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Yesterday, Verizon faced complaints from customers and government officials about maintenance of its copper network in areas of New Jersey. Hearings were held yesterday by the state Board of Public Utilities (BPU) on Verizon service in rural parts of South Jersey, where the company hasn’t upgraded its networks to fiber.
About 200 “frustrated residents” attended and nearly 80 signed up to speak, airing their complaints for hours, according to a story on NJ.com.
Theresa Duffy-Diamond of Cedarville owns three businesses but complained that she has trouble running them because of how hard it is to make phone calls.
She played a voicemail that she received—it contained “nothing but crackling sounds,” the article said.
63-year-old John Dowling of Estell Manor, who suffers from a chronic lung disease and needs frequent medical attention, reported not being able to make phone calls from his landline when it rains. When he complains to Verizon, “four days later they would come out on a sunny day and say the lines are all clear,” he said.
Another resident described waiting months for DSL Internet service to be connected and being billed by Verizon before it was delivered, the Press of Atlantic City reported last night.
A coalition of municipal and county governments asked the state to hold an evidentiary hearing to further investigate Verizon’s copper maintenance.
Speaking on the coalition’s behalf, “Cumberland County Counsel Ted Baker told the BPU of more than 500 complaints from residents who lose landline phone service on rainy days, constantly contend with static during telephone conversations, and have poor Internet service,” the Press of Atlantic City article said. “Local and county governments face potentially serious public safety issues because of communication difficulties, small businesses are suffering, and students can’t access the Internet for homework assignments,” he said.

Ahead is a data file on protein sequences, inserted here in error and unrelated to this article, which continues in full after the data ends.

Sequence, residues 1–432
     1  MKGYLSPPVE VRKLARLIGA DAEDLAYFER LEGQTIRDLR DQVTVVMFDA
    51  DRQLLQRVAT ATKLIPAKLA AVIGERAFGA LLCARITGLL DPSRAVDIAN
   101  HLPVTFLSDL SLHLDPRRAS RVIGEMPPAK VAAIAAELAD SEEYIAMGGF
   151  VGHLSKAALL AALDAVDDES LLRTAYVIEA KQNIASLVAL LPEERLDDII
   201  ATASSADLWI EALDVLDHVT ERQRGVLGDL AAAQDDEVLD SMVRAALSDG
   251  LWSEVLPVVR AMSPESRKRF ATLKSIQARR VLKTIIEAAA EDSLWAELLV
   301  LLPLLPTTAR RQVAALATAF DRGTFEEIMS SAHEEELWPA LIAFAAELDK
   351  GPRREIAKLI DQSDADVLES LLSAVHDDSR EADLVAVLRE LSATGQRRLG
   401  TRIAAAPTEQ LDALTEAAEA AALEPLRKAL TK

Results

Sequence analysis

Baker last week provided the BPU with more than 80 pages of complaints from residents.
Mayor Kenneth Haeser of Weymouth Township said one elderly woman in his town received a call from the hospital informing her of her husband’s death—but it was raining and “the connection was so bad the conversation was incomprehensible,” according to the Press.
State Sen. Jeff Van Drew called the problems a matter of “life or death,” and said the best solution would be for Verizon to install fiber lines. The BPU also heard from state Division of Rate Counsel Director Stephanie Brand, who urged “action and intervention by the board.” The BPU took no action last night, though.
Verizon’s director of regulatory services, Ava-Marie Madeam, defended the company, saying that “Verizon is not abandoning our copper line network in South Jersey,” according to the Press. “The copper network is a critical part of our overall network structure.
Any suggestion that Verizon is not committed to the copper network is simply not true.” Verizon has met state operating standards and invested $100 million the past two years on maintenance of copper in South Jersey, she said.
Verizon recently promised that it has a “few projects” in the works to improve service in South Jersey.
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